About 20 mintues passed, and I was sitting on the edge of my bed, practicing my deep breathing. The nurses had gone to find the anesthesiologist, and I think Rick was moving the car into long-term parking. Alone for the first time, I was scared and in pain. The baby is really coming. Now. And it hurts. And--holy crap!--the BABY IS COMING! We...are...having...a....BABY. Today! I started to panic, which is really not a good thing to do when you are in labor, because it tends to make it hurt more.

By the time the nurses made it back in with the anesthesiologist, I was in tears. The lead nurse was fantastic and held on to me and made me focus on her and my breathing while they prepped my back. Rick still had not returned from parking the car--I think the garage was somewhere in Mongolia--but his fear of needles and blood probably would not have been much of a comfort during the epidural. Fortunately for me, my anesthesiologist was a true artist and had me tapped in a jiffy with nothing more than the "pinch and a burn" they advertise the epidural to be in all the mom-mags.

As the drugs took effect, the pain gradually diminished, until all I could feel was a squeezing in my uterus, and light pressure in my pelvis--similar to what I felt before they broke my water. I was glad; some women say they can't feel anything after an epidural, and that they feel removed from the birth experience. Or sometimes the epidural can actually slow down labor's progression, and they have to give you more drugs--pitocin--to speed it up. My attending nurse did a quick exam and told me that my contractions were now 2 minutes apart and regular, and that I was 100% effaced and about 7 centimeters dialated. I was progressing quickly. My anxieties removed, I relaxed in my new pain-free state and fell asleep. It was about 5 p.m.

I slept for two hours. When I woke up, I was feeling downright chipper, and Rick and I watched the Simpsons. Then the nurse told me I had visitors. Mom and Dad had arrived. Dad had called the Coffee Tree earlier to say hi, and when Gina answered, "She's not here. She...had to leave," he picked her up from work and they headed to West Penn.

Originally I had sat both sets of parents down and said that I didn't want anyone in the delivery room with me (except Rick), or even at the hospital while I was in labor. I felt that it was a private occassion, between me and my husband, and that we would have no idea how long I would be in labor. Our intentions were to call everyone after the baby had come. Well, that was out the window. But I was glad to see both of them. I was in a better state than I had imagined myself to be, thanks to the epidural. Plus, it gave Rick a chance to grab a sandwich and take a breather.

While my parents were visiting, however, I could feel my contractions intensifying. I could also feel my pelvis expanding--it's gross, but it crackles and pops like your neck does when you visit the chiropractor. The epidural is set on a slow drip, but they give you a little button to push that ups the dosage if your pain intensifies. I hit this like eight times in ten minutes. I wanted Rick to get back and my parents to leave, but I didn't want to be rude. (See, this is why I had the "No parents in the delivery room" plan. When people come to visit, whether at my house for a barbeque, or in my hospital room for a birthing, I feel like I need to be a hostess. )

But when Rick did return, I could be polite no more. "You guys need to go now. Rick you need to call the nurse."

The nurse checked my monitor and told me to tell her if I felt any increased pressure or the need to push.


"You feel increased pressure?"


"You feel like you need to push?"




The doctor was called, the nurses rushed in, and all of the sudden my quaint little hospital room with the country-casual decor turned into the Close Encounters mothership. Beeping machines came out of the cabinetry, giant stadium lights came out of the ceiling, and the door to what I thought was a closet opened and revealed a gleaming infant receiving room and incubator.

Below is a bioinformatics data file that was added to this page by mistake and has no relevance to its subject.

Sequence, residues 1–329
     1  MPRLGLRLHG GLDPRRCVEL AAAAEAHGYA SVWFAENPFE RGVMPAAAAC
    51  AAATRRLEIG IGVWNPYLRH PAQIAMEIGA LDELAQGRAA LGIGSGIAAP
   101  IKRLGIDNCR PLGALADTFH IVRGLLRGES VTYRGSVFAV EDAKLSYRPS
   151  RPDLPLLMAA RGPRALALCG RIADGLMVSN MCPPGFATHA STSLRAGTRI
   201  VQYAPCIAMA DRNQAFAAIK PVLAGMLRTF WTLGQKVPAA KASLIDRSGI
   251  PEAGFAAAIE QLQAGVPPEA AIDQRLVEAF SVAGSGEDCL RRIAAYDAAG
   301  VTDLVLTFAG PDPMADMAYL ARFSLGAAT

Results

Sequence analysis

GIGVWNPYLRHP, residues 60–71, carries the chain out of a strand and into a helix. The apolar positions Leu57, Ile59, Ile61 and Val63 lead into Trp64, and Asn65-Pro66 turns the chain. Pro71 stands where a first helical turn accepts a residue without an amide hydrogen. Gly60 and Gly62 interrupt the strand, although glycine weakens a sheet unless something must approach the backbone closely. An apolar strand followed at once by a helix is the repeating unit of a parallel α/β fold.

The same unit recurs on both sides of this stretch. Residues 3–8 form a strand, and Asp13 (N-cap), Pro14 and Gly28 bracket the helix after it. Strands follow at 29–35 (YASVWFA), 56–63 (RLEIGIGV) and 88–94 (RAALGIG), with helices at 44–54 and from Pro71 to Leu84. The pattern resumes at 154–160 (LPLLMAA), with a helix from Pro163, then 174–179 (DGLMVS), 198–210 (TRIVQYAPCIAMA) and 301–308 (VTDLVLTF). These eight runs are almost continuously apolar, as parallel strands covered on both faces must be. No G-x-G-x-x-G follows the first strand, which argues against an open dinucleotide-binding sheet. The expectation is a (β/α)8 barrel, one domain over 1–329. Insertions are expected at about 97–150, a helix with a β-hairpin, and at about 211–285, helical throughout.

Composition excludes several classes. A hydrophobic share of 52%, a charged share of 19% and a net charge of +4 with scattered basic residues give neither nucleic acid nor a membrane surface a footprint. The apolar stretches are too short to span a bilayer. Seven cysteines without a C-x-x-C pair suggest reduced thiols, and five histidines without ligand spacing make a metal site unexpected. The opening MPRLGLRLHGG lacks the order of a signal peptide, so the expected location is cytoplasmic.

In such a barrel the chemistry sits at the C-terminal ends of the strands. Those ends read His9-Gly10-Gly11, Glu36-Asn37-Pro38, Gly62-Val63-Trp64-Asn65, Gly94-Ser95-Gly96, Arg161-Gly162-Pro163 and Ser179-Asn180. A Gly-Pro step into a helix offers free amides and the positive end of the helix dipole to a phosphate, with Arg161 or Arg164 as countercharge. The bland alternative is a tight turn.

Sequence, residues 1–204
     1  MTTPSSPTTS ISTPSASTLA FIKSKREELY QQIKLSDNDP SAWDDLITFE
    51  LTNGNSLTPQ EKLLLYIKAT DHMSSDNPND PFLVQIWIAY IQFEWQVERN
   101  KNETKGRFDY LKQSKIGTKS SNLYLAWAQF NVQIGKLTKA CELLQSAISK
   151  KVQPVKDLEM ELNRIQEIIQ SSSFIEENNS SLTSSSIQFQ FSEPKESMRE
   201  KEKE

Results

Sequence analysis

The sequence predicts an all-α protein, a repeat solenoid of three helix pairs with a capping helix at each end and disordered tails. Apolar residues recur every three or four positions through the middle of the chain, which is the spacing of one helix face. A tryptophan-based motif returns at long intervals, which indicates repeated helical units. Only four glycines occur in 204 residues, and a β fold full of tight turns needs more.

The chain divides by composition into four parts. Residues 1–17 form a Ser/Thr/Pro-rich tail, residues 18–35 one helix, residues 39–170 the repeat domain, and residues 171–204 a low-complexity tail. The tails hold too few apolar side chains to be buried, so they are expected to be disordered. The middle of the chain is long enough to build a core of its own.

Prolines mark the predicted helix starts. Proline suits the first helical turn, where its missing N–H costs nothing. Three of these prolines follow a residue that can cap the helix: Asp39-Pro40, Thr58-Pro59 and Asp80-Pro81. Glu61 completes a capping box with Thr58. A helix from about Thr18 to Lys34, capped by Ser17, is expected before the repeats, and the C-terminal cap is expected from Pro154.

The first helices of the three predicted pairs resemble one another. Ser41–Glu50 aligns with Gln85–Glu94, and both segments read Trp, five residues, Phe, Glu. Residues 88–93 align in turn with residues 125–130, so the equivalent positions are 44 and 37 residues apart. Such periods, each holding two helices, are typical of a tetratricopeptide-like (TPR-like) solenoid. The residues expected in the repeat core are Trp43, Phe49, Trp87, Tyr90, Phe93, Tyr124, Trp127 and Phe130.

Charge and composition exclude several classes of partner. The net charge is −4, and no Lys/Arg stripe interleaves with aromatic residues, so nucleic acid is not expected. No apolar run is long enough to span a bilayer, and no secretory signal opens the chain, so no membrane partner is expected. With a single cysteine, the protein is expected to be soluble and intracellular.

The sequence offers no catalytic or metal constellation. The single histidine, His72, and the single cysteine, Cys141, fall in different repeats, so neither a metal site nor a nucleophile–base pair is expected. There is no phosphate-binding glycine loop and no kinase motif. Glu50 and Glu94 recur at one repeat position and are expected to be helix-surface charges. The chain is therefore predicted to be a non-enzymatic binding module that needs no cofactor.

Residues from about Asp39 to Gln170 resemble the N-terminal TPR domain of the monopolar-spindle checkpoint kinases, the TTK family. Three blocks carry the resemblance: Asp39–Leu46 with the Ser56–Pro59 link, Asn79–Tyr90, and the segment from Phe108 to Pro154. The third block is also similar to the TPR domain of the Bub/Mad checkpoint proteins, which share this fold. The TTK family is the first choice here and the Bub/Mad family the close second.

My bed was cracked in half: the lower portion dropped away and my legs were hoisted and strapped into stirrups. My lady parts were splayed out for the whole world to see, and my husband was beginning to turn various shades of green. And then white.

"Dad! Are you going to be OK?" one of the nurses threw Rick a stern yet cautious look.

"Yeah." He didn't sound too convincing, yet he wasn't crumpled on the floor, so all eyes were back on me.

"OK, Danielle," the doctor was pulling on latex gloves and kneeling on three-legged stool. "When you have your next contraction, I want you to push down into the back of your body. Like you are having a bowel movement."

Here's a fact. Having a baby is like taking a huge crap. No joke. You push exactly the same way. So joining all my other anxieties (is the baby going to be all right/am I going to be all right/ is Rick going to faint) is this new huge concern: Am I going to shit all over this hospital bed? It happens! Jenny McCarthy--she's famous! Kinda. She shit all over her bed. You can read about it in her book.

So I'm trying to push like I'm having a bowel movement without really having a bowel movement. I'm crumpled in a ball with Rick and a nurse pushing my legs toward me. Another nurse turned off the TV that was still blaring in the background, and for a moment I was miffed that I was missing a fresh episode of Gilmore Girls.

You push in sets of pushes. They're like reps at a Nautilus machine, only far more exhausting. Fortunately, my trainer was kind, and I only needed to do three sets of three.

After seventeen minutes and nine pushes, Thomas Dixon arrived. The doctor laid him on my belly, still wrinkled from his trip. His eyes, steely blue, were looking right at me, and his hand was in his mouth. The nurses checked for blisters. Hand sucking is a habit normally started in the womb. No blisters. And just a little bit of bruising. They all agreed that he was a perfect little boy.

The doctor asked Rick if he wanted to cut the cord. He had been brave through the pushing, but the cord was a little too much. So I cut it. It seemed right that I should release the one that had been attached to me for so long.

They wisked Tommy away to be weighed and measured. Rick followed to take some pictures but could only manage to stare at his son. The nurse reminded him, "You have to use the camera, Sweetie."

Once the baby was registered in the world, and we had the footprints to prove it, my room was transformed back to country-casual. Rick and I were left alone with the baby. Swaddled in his white waffle-textured receiving blanket, Tommy was all ours.

We'd done it. We were parents. Say hello to Mom and Dad.